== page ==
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68 posts

Master Geek
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Topic # 96861 5-Feb-2012 14:04
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Hey all,

I want to replace a light switch dimmer in my house (the dimmer is physically busted) and after taking it off the wall and getting ready to drop in a new one, all the instructions that came with the new one refer to more wires (of differing colours!) than I have coming out of the wall.

I've got two coloured wires coming out -- a red and a black, with a green wire folded backward and disappearing off somewhere.  In the old dimmer, the black went into 'loop' (along with one of the wires (yellow) from the dimmer component), red went into '2', and the other dimmer wire (white) went into 'C'.

For the new dimmer, it seems to expect FOUR inbound wires -- two referred to as 'power' (black and red) and two referred to as 'lamp' (again, black and red).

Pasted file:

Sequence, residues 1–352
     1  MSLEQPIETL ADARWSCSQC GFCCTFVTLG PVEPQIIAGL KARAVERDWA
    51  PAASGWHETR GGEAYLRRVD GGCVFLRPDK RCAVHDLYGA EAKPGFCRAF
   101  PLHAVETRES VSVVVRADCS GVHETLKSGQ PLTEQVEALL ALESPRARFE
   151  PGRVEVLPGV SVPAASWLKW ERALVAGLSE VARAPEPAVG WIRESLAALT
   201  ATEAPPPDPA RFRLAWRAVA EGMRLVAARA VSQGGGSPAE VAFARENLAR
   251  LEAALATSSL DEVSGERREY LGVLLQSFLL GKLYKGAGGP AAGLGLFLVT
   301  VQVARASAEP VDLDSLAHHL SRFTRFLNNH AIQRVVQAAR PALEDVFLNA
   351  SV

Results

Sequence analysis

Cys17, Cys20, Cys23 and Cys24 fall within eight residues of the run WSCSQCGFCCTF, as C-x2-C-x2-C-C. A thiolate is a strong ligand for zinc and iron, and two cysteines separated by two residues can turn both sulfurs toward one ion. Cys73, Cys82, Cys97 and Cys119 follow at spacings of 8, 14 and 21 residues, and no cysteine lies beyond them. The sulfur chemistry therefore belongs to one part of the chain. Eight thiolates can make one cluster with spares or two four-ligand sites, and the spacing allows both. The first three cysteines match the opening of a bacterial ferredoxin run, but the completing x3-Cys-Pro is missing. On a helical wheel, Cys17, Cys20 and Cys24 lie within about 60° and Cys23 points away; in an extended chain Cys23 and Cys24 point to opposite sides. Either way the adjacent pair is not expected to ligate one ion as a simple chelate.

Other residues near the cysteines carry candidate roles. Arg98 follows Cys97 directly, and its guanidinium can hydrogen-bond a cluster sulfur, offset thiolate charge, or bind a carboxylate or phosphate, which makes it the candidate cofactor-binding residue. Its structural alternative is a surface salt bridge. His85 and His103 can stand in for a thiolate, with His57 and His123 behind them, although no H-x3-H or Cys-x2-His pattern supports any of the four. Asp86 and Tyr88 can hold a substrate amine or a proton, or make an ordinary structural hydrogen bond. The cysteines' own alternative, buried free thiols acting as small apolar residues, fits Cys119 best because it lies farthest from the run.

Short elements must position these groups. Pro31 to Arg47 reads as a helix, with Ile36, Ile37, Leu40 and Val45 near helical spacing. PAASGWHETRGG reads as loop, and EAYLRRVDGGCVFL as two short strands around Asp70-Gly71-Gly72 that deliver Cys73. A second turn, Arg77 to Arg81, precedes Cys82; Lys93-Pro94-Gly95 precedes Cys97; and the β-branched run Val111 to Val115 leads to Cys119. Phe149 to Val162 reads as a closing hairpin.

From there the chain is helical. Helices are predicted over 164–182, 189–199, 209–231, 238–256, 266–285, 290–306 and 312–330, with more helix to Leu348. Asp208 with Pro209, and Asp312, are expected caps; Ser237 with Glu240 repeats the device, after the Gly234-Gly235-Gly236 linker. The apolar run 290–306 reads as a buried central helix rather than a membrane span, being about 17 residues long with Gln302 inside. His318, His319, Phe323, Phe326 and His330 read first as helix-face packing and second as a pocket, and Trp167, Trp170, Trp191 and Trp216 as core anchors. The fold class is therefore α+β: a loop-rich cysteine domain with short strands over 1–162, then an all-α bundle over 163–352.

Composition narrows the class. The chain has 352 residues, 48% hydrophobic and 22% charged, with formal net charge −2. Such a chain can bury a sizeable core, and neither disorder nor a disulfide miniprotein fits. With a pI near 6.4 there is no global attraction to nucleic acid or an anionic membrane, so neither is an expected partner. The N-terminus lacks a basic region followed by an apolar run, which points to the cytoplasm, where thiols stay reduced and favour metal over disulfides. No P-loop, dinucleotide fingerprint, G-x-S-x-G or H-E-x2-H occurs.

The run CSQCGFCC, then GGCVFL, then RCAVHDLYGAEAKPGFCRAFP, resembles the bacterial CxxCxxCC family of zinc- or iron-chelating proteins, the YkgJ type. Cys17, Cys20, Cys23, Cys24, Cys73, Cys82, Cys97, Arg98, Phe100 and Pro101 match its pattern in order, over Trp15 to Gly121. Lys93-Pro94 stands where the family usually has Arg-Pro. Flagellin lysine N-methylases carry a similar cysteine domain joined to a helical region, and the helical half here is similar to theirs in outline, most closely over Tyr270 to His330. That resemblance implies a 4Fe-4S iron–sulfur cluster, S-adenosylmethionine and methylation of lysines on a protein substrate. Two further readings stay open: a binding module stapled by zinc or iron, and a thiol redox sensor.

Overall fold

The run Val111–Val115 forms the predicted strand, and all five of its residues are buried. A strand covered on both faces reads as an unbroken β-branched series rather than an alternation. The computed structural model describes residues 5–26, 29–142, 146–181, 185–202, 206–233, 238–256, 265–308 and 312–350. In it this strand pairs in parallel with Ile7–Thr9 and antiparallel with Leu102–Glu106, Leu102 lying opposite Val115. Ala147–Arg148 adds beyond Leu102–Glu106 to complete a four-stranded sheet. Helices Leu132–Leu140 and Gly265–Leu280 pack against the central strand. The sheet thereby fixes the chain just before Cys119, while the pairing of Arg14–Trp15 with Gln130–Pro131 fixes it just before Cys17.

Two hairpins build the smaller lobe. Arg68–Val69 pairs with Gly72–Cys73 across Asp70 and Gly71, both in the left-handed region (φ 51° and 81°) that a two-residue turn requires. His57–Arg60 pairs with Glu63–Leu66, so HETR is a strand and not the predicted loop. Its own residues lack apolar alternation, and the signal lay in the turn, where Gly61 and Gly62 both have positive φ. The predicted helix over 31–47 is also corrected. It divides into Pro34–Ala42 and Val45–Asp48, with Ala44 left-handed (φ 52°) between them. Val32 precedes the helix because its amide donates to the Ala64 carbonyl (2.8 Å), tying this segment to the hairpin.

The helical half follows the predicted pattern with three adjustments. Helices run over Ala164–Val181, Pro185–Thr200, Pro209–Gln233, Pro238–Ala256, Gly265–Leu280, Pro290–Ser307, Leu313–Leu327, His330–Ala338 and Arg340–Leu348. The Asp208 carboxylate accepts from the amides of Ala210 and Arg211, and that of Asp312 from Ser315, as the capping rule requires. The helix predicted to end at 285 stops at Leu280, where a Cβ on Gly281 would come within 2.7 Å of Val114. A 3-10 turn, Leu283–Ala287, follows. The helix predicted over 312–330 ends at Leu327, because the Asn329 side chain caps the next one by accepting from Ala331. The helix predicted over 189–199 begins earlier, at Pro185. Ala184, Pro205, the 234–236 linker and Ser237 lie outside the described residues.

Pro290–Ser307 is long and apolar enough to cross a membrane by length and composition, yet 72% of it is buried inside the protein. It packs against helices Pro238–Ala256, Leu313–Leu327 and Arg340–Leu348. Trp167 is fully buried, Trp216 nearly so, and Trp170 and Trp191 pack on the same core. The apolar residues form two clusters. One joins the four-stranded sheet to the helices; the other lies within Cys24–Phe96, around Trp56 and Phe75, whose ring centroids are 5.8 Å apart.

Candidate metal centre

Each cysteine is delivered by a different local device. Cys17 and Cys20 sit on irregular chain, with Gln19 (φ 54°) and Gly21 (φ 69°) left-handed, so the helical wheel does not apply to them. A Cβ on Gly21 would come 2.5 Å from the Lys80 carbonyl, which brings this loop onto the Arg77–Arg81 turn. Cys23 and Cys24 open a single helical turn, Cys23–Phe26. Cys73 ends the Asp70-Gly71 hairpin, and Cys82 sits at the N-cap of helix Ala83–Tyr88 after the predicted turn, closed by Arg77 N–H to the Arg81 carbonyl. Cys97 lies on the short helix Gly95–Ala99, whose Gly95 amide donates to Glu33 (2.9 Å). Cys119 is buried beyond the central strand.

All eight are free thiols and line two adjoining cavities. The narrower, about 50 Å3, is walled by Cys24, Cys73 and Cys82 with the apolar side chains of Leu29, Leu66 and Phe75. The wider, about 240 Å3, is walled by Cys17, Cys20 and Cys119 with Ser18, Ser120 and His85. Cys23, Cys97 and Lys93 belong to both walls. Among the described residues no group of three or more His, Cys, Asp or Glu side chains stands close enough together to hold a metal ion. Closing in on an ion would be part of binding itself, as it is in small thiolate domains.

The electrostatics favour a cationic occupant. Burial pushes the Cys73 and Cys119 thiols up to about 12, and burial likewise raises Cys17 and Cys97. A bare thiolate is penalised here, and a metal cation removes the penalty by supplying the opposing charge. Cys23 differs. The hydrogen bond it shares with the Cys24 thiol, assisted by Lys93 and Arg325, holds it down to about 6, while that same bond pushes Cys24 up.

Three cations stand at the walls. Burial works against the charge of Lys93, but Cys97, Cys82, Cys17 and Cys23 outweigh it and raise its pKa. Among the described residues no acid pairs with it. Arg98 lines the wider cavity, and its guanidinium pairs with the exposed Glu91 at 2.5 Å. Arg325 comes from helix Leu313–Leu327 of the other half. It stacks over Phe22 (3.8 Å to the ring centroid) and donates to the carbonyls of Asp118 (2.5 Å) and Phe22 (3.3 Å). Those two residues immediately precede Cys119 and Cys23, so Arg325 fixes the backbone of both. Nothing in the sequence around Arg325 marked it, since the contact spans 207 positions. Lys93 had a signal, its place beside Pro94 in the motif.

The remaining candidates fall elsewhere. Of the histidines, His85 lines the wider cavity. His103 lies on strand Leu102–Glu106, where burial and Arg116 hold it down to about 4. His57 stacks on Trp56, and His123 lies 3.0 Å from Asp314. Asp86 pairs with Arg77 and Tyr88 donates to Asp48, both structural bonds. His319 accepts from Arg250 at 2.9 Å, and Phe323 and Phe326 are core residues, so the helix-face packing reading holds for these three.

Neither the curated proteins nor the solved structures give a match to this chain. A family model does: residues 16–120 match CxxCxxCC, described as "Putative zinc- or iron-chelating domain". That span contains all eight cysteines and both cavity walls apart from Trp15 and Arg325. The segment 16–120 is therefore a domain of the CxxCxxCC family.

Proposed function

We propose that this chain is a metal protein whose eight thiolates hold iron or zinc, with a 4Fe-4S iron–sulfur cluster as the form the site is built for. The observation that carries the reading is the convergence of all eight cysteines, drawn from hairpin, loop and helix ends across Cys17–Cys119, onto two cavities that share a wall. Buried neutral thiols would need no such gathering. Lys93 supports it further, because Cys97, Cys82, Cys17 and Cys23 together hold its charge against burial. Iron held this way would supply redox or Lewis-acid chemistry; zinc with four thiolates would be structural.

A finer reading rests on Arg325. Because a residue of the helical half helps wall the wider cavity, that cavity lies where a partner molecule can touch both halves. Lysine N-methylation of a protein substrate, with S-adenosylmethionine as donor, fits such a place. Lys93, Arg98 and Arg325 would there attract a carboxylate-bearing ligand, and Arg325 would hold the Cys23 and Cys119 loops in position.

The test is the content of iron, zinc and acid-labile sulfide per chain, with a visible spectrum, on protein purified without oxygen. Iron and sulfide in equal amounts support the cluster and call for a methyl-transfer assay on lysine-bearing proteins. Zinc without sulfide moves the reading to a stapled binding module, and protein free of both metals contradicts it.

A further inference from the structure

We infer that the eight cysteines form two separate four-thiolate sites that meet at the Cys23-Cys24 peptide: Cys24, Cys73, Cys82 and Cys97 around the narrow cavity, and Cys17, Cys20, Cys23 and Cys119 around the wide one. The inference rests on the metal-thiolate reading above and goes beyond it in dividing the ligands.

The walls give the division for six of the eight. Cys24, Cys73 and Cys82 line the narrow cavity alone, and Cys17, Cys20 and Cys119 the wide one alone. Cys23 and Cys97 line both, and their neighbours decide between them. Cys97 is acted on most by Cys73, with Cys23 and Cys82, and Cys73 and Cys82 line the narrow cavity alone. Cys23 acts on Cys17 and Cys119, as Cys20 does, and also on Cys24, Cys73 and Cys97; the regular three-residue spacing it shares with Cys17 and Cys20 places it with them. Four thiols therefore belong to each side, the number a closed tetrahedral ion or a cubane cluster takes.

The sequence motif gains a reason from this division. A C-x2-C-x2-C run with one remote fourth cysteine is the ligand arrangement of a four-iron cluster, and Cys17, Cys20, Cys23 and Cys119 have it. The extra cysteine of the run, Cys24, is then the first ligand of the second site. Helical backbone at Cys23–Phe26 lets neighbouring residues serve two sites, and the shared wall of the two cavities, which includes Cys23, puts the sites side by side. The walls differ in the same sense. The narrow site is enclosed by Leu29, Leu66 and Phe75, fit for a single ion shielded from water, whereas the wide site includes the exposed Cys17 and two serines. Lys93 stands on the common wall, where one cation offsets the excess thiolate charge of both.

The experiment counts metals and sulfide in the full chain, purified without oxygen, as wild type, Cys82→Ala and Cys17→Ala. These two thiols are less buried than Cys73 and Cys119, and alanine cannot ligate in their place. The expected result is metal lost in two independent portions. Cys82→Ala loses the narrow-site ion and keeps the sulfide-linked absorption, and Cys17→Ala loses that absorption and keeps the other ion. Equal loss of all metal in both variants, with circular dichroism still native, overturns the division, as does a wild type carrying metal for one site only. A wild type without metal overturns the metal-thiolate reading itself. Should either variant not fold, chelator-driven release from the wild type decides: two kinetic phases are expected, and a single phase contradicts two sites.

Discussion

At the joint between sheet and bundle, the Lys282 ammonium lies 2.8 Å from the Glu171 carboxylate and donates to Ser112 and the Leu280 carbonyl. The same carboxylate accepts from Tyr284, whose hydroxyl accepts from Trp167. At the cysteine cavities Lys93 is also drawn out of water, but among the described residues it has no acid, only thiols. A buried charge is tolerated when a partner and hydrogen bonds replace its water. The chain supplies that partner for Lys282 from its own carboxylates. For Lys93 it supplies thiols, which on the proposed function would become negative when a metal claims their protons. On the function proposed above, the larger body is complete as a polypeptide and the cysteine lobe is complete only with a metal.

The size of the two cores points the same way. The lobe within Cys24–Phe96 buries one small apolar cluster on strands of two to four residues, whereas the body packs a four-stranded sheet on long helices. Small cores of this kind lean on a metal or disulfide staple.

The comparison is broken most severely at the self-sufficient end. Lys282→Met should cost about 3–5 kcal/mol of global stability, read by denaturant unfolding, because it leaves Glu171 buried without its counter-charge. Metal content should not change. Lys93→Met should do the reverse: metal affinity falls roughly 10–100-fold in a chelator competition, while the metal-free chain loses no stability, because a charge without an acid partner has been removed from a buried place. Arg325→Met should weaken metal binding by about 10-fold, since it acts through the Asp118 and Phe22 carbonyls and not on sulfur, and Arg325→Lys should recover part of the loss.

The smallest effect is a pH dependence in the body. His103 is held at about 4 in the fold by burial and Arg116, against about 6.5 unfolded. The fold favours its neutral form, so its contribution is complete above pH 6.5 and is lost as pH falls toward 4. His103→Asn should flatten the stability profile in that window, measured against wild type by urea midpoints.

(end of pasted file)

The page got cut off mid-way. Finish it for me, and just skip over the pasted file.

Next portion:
The black from power and lamp go into loop, the red from power goes into 2, the red from lamp (and one of the dimmer cables, also red) goes into 1, and the remaining dimmer cable goes into C.

So, in short, wtf?!?  If I have two inbound cables only (black and red) and two dimmer cables (both red), where should they go?

My guess is: inbound black to loop, inbound red to 1, one dimmer to loop and one dimmer to C.  This is based on the other dimmer configuration.

If it's any help the old dimmer is a PDL and the new one is an Arlec.

I'd be very grateful for pointers that might stop me wiring up a deathtrap :-)

Cheers!

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706 posts

Ultimate Geek
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  Reply # 577529 5-Feb-2012 14:11
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if you don't know what you are doing, call in an electrician, don't mess with 240v!


actually, it may be a job that has to be completed by a sparky else you may not be covered by insurance if there is a fire as a result